A construction method where the upper, insole, midsole and outsole is attached with pegs, either made of wood or brass. The shoes are constructed without any glue. Not very common nowadays but a few high end bespoke brands offer this for classical men's shoes. You can see the pattern on the outsole of multiple small pegs. The global production is comparatively small.


The upper is firstly attached to insole with lasting tacks. In order to attach the outsole to upper and insole one or two rows of pegs, either of wood or brass, are used. They are carefully hammered in by hand.

Even though not fully pegged some shoemakers prefer to wood peg the waist of the shoe. Mainly for appearance but it can also provide a tight fitted, sturdy waist if done right.

Cross section of a pegged shoe


The shoe pegs originate from the beginning of 19th century. Some sources attribute the invention of the shoe pegs to a Joseph Walker in 1818. 1 Others say it was introduced around 1810 in multiple towns in Massachusetts but also Connecticut. An, at the time, well placed shoe maker placing orders for pegged shoes up to 3000 pairs stated 1822. 

“Pegged shoes were introduced in 1815; previous to that all boots and shoes were sewed, or nailed with copper nails, for the Spanish market”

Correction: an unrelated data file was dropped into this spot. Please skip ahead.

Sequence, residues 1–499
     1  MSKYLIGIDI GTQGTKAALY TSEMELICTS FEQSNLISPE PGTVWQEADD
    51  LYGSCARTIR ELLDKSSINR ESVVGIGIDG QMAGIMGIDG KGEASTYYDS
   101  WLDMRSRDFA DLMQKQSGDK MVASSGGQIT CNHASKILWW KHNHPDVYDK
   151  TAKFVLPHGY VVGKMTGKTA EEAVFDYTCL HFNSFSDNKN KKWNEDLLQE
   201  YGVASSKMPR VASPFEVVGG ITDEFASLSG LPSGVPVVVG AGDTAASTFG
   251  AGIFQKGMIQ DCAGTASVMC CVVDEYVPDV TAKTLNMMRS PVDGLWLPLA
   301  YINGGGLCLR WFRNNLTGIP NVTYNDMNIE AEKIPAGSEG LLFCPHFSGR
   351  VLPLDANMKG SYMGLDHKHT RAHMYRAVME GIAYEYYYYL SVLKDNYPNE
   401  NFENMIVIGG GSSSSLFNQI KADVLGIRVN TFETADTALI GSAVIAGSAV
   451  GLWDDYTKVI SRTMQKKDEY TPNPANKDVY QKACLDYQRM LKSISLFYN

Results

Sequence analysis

Source: Bryant, J (1891) Shoe and leather trade pp 42, 48 

At the time the sewn shoes were dominating but the introduction of pegged shoes substantially reduced costs. This was mainly due to productivity increase and less labor work compared with sewn shoes. Where a sewn shoe needed multiple processes the pegging technique required less. As a result one pegger could do the work of two to three stitchers in bottoming teams. The U.S. Commissioner of Labor report of 1898 was depicting the situation in the 1860s: where 123 labor hours were used to sew and turn 100 pairs of men´s brogues only 42 hours of peggers were needed for the same quantity and style.

The pegged shoes were due to the construction more stiff and rigid compared to stitched shoes but the price justified the decreased comfort. In 1845 a dozen of pegged boots cost 25,5$ compared with 39,9$ per dozen for sewn boots of same quality.

Later on the stitched alternatives also advanced with the McKay machine making pegging less competitive. When a metal shank started to be used for stability in the shoe waist it was also one less advantages with a wood pegged construction.

Today the global production is very small and pegging is mainly used today for the aesthetic look.

Outsole of a pegged shoe



Bryant, J (1891) Shoe and leather trade pp 42, 48 https://archive.org/details/shoeleathertrade00brya

U.S Bureau of Labor, Thirteenth Annual report, 256-77

Hazard, B. (1913). The Organization of the Boot and Shoe Industry in Massachusetts Before 1875. The Quarterly Journal of Economics, 27(2), 236-262. p. 174